When you think of September, what comes to mind? Children returning to school? Apple cider in the markets? Autumn colors? New beginnings?
What about abstaining from porn and masturbation?
That’s a new September tradition that recently formed subreddit, r/NoSimpSeptember, is hoping to make a reality. The group of now more than 2.300 members encourages men to avoid online interaction with women—particularly with online sex workers and porn performers.
Like No Nut November that came before it, No Simp September is an internet challenge that discourages men from acting like “simps.” This term is popping up more and more. I personally had to ask the Gen Z’ers that live in my house to explain it to me. And, from what I gather, a simp describes a boy or man who seeks attention from or is overly concerned with pleasing women, especially if those women aren’t returning this “kindness” with sexual favors.
Looking at r/NoSimpSeptember’s 6 rules gives valuable insight into what the group is trying to avoid. To paraphrase:
- If you break a rule, don’t lie about it.
- Don’t give money to online sex workers. In their words, “booby streamers, TikTok (*shudders*) dancers, E-girls, etc.”
- Don’t decline social events in order to watch “any of the culprits above.”
- Don’t upvote, like, or look at women’s photos online.
- Don’t watch pornography.
- Do group check-ins.
As an online sex worker who could reasonably be called a booby streamer or an E-girl—though I’ve honestly never used either of those words, and I’m certainly too old for TikTok dancing—this got me wondering what it is about online sex workers that has these men angry enough to ban interaction with us all together (albeit temporarily), and, moreover, to publicly celebrate themselves for doing so. After all, no one is forcing them to interact with us.
I emerged from the Reddit rabbit hole still curious what to make of all this, so I turned to a few of my colleagues to ask how they understood the NoSimps. As hoped, they had more reflection and insight than anything I read on the NoSimp forums.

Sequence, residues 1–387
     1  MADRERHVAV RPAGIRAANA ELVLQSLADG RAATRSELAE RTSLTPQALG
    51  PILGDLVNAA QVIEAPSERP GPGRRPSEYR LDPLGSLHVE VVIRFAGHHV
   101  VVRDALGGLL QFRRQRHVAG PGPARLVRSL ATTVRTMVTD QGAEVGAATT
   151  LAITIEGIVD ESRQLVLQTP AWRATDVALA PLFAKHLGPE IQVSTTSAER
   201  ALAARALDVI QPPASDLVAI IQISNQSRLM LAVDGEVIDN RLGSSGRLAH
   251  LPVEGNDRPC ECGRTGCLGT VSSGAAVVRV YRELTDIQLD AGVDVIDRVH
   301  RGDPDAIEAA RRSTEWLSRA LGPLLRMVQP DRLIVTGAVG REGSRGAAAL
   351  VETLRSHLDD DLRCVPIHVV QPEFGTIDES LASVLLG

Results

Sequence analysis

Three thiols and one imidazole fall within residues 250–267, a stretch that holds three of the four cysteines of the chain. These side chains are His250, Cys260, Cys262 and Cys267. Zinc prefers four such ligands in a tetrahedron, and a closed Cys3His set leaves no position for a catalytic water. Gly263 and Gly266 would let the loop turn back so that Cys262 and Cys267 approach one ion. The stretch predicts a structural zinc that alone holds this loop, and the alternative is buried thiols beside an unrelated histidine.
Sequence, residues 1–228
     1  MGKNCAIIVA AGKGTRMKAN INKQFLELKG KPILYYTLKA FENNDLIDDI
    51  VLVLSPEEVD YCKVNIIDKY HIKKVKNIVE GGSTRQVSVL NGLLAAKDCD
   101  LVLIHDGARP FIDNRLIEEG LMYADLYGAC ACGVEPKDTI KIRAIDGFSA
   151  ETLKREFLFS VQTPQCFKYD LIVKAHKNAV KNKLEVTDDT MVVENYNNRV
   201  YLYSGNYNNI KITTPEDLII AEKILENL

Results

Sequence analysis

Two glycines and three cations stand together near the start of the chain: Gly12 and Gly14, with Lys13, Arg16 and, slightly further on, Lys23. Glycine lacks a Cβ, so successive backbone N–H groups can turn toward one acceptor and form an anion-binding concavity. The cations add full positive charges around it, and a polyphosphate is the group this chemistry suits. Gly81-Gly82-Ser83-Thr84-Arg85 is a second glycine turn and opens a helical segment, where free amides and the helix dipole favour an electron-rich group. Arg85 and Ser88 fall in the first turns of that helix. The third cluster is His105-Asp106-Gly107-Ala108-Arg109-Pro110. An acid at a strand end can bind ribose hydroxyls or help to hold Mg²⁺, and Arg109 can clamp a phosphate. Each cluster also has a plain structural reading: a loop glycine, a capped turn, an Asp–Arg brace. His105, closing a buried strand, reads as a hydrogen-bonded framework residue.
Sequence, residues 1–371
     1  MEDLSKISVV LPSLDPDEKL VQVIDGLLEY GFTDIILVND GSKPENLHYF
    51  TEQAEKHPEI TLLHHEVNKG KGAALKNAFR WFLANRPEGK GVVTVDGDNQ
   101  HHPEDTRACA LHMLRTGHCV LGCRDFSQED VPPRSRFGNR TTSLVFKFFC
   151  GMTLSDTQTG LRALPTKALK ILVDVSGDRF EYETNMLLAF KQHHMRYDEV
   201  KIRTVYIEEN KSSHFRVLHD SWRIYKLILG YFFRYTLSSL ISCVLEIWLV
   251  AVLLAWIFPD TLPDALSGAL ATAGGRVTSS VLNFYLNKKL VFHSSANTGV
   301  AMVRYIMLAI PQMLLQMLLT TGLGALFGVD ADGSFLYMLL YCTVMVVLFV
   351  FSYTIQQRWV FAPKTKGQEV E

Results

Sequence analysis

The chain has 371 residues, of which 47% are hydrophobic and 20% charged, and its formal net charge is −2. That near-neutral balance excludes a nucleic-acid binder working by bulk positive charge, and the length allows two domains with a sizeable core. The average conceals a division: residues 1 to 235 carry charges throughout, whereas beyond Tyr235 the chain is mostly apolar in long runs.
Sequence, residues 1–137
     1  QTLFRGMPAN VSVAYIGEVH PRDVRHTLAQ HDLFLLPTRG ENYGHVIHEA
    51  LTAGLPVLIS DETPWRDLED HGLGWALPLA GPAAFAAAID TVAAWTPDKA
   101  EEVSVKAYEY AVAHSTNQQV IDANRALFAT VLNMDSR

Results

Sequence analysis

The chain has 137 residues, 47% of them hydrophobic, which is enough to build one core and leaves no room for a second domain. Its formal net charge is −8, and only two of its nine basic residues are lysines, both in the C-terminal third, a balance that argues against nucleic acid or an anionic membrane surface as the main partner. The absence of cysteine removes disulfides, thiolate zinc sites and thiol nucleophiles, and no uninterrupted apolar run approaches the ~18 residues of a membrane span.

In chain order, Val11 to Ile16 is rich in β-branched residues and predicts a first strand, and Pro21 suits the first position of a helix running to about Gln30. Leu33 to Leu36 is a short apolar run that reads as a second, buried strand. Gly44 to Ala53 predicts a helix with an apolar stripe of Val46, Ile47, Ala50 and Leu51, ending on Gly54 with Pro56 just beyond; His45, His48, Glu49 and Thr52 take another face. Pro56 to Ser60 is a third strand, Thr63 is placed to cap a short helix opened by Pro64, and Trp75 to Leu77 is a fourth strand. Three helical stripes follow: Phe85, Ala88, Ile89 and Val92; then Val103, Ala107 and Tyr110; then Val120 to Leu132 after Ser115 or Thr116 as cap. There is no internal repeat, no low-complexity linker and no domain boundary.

While the NoSimp rules appear to be obsessed with women who sell sexual content online, Bitcoin Stripper, who describes herself as a multifaceted sex worker, says that she doesn’t think this is really about sex work. She says, “I don’t think the original intention was explicitly to harm online sex workers or OnlyFans. The sex worker becomes the object of negative focus/hatred/avoidance much like a bottle of whisky becomes the hated nemesis of an alcoholic or how a sex addict has a compulsive relationship with their dating apps.”
Online sex workers are more sexually available to these men (at a price, of course) than our civilian counterparts, and these interactions make the NoSimps feel vulnerable. She goes on, “These NoSimps are so lacking in personal self-control, they require a massive support group to validate their struggle and give them the control they lack internally.”
Princess Berpl, an online sex worker and content creator, agrees with this, pointing out that part of this insistence on control is posturing to the men in their online community that they are not weak. She says, “Some people (primarily men) on the internet who want to feel different from an imagined group of ‘simple’ guys. In their mind, these ‘simps’ are so gullible that they’ve been tricked into supporting content they like, created by evil women like me.” She goes on, “If you’re a woman on the internet who makes an income through streaming or content creation, you’re hustling these poor lonely ‘simps’ for their money by preying on their desire to have a connection with women.”